The Environmental Principles Policy Statement - What is it and why is it important?

As part of the government's commitment to strengthen environmental protection, the government submitted its draft Environmental Principles' policy statement for Parliamentary scrutiny on 12 May 2022.

The policy statement, once adopted, will form part of the considerations that a Minister of the Crown needs to have due regard to when making policy or revising existing policy. Policy making includes tabling a proposal for new legislation, or preparing a ministerial statement. Ministers will not be bound by the policy statement in so far as individual decisions are concerned, for example on individual planning applications.    

The Principles

The policy statement sets out how the five environmental principles set out in the Environment Act 2021 should be applied to ensure policymakers choose policy options that promote better environmental protection.

The policy statement provides that 'before policies are developed, policymakers should consider whether the policy can prevent environmental harm, promote environmental enhancement, or do both'. This applies primarily to the environmental impact within the UK, but if it is feasible and appropriate to consider the environmental impact overseas, this must be done 'within reason'.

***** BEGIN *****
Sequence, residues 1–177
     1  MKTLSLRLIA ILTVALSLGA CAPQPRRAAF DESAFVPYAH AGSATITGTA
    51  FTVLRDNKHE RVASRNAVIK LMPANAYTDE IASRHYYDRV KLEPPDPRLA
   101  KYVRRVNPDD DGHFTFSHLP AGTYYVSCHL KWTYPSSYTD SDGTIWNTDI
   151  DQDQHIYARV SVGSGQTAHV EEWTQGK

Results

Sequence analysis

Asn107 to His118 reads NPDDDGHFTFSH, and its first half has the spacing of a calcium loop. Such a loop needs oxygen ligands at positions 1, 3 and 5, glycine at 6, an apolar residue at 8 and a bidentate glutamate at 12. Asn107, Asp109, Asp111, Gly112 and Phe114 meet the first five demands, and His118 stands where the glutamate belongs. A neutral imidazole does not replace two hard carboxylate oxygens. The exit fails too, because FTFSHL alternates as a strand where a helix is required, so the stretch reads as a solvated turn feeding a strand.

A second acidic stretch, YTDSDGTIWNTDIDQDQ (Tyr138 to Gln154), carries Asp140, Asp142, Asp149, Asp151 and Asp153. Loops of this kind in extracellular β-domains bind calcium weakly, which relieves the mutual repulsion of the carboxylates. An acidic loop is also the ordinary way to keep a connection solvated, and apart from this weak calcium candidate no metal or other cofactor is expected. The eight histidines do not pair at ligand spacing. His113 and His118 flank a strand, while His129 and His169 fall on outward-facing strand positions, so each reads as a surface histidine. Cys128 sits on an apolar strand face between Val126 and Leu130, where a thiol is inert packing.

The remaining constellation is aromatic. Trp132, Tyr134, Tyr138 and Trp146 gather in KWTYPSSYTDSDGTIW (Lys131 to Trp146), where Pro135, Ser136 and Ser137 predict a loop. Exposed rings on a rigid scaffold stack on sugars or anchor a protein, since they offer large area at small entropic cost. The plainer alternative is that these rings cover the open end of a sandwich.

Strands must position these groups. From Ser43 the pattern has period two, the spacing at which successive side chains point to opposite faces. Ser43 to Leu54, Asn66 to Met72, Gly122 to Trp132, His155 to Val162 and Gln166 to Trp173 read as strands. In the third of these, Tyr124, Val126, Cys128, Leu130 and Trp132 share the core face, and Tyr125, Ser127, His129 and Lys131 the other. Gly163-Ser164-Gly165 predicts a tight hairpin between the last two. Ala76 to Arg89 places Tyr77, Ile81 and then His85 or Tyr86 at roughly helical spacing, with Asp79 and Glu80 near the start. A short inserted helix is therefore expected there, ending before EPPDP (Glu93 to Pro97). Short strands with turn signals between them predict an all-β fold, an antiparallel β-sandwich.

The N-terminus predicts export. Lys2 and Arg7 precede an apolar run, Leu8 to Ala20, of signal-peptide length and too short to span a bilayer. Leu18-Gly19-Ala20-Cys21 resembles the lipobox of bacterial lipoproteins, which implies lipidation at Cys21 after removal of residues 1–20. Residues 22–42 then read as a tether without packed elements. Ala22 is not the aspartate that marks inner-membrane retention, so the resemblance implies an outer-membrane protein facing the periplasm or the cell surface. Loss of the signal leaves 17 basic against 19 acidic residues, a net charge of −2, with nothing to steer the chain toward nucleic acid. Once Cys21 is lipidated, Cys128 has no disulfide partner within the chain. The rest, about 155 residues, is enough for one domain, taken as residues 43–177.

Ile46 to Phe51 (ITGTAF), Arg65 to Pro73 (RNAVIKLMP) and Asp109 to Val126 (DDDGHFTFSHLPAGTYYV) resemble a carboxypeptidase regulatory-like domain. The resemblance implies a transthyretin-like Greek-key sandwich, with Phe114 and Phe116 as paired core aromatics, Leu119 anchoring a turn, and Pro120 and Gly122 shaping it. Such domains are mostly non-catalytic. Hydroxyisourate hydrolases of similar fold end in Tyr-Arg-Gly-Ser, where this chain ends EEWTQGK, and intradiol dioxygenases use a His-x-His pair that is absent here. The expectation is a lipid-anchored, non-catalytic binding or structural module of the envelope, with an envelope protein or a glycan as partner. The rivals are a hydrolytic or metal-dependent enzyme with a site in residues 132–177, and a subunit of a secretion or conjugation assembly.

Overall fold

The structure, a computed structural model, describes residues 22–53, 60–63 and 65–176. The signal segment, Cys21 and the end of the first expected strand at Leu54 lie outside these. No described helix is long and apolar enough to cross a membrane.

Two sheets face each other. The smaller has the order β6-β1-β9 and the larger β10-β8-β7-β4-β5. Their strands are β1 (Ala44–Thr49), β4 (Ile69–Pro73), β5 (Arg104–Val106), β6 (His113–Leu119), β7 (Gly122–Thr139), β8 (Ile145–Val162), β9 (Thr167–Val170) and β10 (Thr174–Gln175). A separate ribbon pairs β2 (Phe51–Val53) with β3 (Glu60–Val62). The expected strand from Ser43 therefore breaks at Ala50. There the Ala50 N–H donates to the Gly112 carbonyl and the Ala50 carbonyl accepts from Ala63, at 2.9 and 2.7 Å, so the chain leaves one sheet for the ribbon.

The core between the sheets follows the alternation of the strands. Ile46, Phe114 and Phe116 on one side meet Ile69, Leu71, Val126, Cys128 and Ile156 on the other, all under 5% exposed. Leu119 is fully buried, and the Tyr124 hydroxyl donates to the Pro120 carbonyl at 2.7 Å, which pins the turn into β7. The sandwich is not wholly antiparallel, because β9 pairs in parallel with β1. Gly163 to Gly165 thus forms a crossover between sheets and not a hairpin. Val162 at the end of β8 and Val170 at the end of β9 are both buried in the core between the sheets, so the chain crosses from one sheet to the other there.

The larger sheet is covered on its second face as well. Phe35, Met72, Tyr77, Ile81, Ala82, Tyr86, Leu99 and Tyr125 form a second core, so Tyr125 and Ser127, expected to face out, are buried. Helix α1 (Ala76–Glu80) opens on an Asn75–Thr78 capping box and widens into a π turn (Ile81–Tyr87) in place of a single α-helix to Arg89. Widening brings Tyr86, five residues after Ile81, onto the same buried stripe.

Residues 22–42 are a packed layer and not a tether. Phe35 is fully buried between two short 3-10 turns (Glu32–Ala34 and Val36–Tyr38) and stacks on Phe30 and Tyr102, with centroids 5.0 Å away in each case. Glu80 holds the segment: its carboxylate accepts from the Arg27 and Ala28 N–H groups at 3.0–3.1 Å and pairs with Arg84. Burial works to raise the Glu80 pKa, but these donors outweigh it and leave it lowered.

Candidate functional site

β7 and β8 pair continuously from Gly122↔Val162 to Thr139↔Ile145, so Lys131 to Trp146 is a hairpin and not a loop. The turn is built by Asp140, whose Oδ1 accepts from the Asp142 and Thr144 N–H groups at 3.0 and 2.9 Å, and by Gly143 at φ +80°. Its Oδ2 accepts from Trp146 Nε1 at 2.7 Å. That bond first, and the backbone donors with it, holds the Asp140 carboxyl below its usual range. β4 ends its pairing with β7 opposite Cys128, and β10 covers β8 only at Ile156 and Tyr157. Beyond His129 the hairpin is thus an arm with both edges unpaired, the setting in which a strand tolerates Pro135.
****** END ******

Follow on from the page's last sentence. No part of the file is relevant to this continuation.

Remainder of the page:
Applying the Principles

The environmental principals are already internationally recognised as successful benchmarks (having formed part of treaties, international law and domestic law in many forms) and are defined in the Environment Act 2021 as follows:

  1. The Integration Principle – embedding environmental protection in fields of policy that have potential environmental effects. Ministers are asked to consider what the effects of the proposed policy are going to be and how these could be (i) avoided, (ii) minimised or (iii) reduced through alterations to the policy.